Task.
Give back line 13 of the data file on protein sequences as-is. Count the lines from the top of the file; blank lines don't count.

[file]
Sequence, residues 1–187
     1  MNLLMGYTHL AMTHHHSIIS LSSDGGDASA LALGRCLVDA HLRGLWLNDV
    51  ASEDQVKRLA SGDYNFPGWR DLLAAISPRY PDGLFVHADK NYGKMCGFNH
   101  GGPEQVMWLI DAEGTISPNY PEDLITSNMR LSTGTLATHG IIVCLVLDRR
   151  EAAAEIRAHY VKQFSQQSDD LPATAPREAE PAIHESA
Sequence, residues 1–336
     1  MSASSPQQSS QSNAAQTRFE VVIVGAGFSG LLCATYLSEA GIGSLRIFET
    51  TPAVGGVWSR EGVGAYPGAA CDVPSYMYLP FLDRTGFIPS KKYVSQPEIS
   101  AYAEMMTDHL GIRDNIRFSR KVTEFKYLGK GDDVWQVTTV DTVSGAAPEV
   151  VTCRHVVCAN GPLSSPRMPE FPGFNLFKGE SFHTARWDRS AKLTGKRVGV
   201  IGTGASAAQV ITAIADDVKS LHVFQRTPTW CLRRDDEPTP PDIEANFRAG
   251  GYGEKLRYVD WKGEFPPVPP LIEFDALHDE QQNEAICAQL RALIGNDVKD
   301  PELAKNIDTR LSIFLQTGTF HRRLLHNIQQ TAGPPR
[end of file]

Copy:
   301  PELAKNIDTR LSIFLQTGTF HRRLLHNIQQ TAGPPR